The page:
By Jonathan Witt
© 2006

As a doctoral student at the University of Kansas in the '90s, I found that my professors came in all stripes, and that lazy ideas didn't get off easy. If some professor wanted to preach the virtues of communism after it had failed miserably in the Soviet Union, he was free to do so, but students were also free to hear from other professors who critically analyzed that position.

Conversely, students who believed capitalism and democracy were the great engines of human progress had to grapple with the best arguments against that view, meaning that in the end, they were better able to defend their beliefs.

Such a free marketplace of ideas is crucial to a solid education, and it's what the current Kansas science standards promote. These standards, like those adopted in other states and supported by a three-to-one margin among U.S. voters, don't call for teaching intelligent design. They call for schools to equip students to critically analyze modern evolutionary theory by teaching the evidence both for and against it.

The standards are good for students and good for science.

Some want to protect Darwinism from the competitive marketplace by overturning the critical-analysis standards. My hope is that these efforts will merely lead students to ask, What's the evidence they don't want us to see?

Under the new standards, they'll get an answer. For starters, many high-school biology textbooks have presented Haeckel's 19th century embryo drawings, the four-winged fruit fly, peppered moths hidden on tree trunks and the evolving beak of the Galapagos finch as knockdown evidence for Darwinian evolution. What they don't tell students is that these icons of evolution have been discredited, not by Christian fundamentalists but by mainstream evolutionists.


Read it here.

If Jonathan Witt is in favour of a marketplace of ideas I take it he thinks it's okay to teach Holocaust denial in history classes and Astrology in science classes.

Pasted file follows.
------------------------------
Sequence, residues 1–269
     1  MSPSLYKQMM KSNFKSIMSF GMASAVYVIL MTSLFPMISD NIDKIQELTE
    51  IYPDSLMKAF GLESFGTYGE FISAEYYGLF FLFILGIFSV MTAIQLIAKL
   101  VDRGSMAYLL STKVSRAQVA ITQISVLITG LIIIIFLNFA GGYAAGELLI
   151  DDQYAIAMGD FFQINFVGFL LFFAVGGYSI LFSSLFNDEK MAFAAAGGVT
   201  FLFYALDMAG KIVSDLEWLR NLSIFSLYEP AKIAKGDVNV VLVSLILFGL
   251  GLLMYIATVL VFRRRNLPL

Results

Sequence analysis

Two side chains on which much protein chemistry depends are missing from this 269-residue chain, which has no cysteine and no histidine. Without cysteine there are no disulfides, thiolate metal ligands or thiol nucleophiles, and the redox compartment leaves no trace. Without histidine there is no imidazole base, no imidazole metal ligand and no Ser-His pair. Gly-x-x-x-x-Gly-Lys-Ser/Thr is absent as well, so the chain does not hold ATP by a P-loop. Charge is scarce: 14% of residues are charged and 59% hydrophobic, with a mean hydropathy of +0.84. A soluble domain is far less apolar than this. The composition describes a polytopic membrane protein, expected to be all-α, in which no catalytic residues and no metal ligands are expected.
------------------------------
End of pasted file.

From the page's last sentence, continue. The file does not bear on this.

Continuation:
Glen Davidson



Posts: 1014
Joined: May 2006

(Permalink) Posted: July 27 2006,12:27   

Quote
Some want to protect Darwinism from the competitive marketplace by overturning the critical-analysis standards.


The untruth that Witt is trying to establish into minds is that "Darwinism" did not win out precisely in the competitive marketplace.  

Perhaps he is as deficient in understanding the marketplace as he is in understanding science.  The fact is that the marketplace produces winners whose products are typically superior to those of the losers.  Actually, given the issues of advertising, branding, and fads, the superiority in the actual marketplace is not as certain as in the "marketplace" of science, however good products generally displace (and effectively destroy) bad products in the economic sphere.  

Science is set up to favor merit more than the economy is, however, which means that even more so the good displaces the bad.  What Witt wants for ID is socialism (not my particular bugaboo--I think all economic forms should be judged in context (which does mean that socialism really doesn't work in many cases, but surely in some places and times it has merits)--but you know the DI hates socialism everywhere and always), wherein the bad product will be subsidized by the gov't because it is unable to compete with the good product produced by science.